IMPART PICTURES...campaigning to stop child abuse



‘When a person has a compulsion to engage in a rewarding non-substance related behaviour, even if that behaviour causes negative impacts to their financial, physical, emotional or mental wellbeing – it is called a behavioural or process addiction. Researchers have found that the chemicals released in the brain when people use drugs or alcohol are the same found in those who get ‘high’ when they do certain activities repetitively. As well as an increase of dopamine, a central neurotransmitter released in anticipation of rewarding experiences such as those involving sex or food. For people who are socially awkward or suffer emotional issues, the internet can be a place of solace and comfort. When those people spend the majority of their waking hours playing computer games or creating virtual worlds – they are likely to have a behavioural addiction. ‘- The Dawn Rehab


‘A shame-based addict feels flawed and defective in their very being. To feel that way is to feel hopeless. This awful sense of humiliation pushes the addiction into hiding and forces them to find a false self to cover up. This hiding is so crucial, since the wound of toxic shame happens because the shamed person was uncovered and defenceless with each wound of being shamed. The hiding and cover up constitute the essence of the addict’s core pathology - the denial. Their addiction is an attempt to mood alter (block out) their "being shame", their shame based identity.' - The Role of Shame in Addiction, by John Bradshaw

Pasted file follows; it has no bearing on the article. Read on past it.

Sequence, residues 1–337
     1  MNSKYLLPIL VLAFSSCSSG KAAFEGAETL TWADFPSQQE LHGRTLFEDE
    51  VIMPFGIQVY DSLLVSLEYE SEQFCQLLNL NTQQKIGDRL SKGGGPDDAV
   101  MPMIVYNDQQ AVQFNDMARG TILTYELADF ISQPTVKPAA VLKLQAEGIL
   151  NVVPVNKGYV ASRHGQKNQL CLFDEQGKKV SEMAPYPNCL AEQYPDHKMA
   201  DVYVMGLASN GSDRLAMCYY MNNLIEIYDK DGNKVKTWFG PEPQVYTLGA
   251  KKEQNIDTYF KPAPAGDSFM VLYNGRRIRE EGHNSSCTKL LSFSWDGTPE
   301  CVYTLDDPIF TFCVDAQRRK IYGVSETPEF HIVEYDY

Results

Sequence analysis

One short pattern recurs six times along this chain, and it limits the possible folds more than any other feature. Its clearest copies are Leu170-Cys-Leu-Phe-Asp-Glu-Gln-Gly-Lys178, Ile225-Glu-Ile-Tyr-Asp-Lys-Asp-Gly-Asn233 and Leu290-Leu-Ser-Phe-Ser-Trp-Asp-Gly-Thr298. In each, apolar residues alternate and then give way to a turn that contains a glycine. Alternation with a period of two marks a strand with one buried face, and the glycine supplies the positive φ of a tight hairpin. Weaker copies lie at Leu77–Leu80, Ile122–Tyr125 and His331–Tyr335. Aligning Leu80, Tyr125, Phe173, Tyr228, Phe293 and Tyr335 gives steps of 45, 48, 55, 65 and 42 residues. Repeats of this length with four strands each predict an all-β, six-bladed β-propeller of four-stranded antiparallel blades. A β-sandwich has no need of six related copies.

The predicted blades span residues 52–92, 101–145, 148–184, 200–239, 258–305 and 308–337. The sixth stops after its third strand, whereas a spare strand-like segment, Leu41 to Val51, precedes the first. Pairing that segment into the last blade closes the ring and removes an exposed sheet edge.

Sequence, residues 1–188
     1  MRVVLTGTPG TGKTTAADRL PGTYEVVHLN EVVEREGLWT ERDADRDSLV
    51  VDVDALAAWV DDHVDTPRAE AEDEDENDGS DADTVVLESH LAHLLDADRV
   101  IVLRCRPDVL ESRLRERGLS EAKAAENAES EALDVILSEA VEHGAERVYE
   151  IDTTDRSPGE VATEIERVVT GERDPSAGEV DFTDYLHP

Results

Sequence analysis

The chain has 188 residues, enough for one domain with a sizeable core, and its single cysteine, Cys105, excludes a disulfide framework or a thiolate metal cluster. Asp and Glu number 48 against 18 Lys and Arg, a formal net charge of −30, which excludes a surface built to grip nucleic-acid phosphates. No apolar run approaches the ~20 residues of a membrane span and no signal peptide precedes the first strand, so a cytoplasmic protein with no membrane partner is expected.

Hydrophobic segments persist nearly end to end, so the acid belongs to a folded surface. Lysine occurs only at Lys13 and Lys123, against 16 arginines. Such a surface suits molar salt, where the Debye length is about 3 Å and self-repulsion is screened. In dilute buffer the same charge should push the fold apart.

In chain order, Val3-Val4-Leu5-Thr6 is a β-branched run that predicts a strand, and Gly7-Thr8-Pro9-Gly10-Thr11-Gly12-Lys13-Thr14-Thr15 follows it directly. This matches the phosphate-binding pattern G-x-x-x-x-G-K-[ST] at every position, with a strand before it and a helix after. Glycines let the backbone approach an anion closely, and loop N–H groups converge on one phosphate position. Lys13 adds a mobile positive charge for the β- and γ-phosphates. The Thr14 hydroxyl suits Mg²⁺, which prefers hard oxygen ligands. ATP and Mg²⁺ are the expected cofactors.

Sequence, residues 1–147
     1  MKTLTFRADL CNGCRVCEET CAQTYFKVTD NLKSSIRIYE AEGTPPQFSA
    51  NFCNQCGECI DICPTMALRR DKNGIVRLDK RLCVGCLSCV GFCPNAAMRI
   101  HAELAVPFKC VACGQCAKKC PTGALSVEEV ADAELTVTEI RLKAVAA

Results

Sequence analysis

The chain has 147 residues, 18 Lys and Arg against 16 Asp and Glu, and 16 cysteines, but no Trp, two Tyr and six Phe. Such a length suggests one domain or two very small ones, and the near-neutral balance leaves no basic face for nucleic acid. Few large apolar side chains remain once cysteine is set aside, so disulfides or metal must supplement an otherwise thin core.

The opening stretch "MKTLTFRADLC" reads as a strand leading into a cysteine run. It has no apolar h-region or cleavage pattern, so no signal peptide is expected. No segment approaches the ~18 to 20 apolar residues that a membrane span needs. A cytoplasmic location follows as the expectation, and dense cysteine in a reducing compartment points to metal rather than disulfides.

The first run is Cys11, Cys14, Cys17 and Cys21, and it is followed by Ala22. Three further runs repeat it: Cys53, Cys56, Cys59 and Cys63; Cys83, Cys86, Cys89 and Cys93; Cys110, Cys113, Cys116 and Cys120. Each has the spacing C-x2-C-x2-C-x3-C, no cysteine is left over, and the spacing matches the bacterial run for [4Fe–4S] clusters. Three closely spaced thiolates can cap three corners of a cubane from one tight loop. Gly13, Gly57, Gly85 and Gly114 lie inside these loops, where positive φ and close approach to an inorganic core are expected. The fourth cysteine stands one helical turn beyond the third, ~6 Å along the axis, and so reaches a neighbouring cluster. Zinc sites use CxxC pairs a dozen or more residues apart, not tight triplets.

‘Denial psychology is built around understanding denial as a coping mechanism, along with the way it impacts us and our relationships. Denial psychology is a defense mechanism in which confrontation with a personal problem or with reality is avoided by denying the existence of the problem or reality. When it comes to protecting ourselves psychologically, defense mechanisms provide an unconscious way to prevent unacceptable thoughts or feelings from making us overwhelmingly anxious. This process often means that we're trying to protect ourselves from feelings of shame or guilt, although these defense mechanisms can also arise when we feel threatened.’ - What is Denial Psychology & How to Address it, by Mary Elizabeth Dean


‘The transgressor and the victim(s) of that transgression are two sides of the same coin. Sincere acts of atonement, making amends, are necessary for the healing of the transgressor. These acts of atonement have the potential to bring healing as well to the victim(s), but only if they are able to activate their deep capacity for forgiveness. Forgiveness, like atonement, is an active process, one that demands empathy and compassion and, ultimately, the ability to overlook the transgression.’ - Dr. Dave Van, Beyond Forgiveness: Reflections on Atonement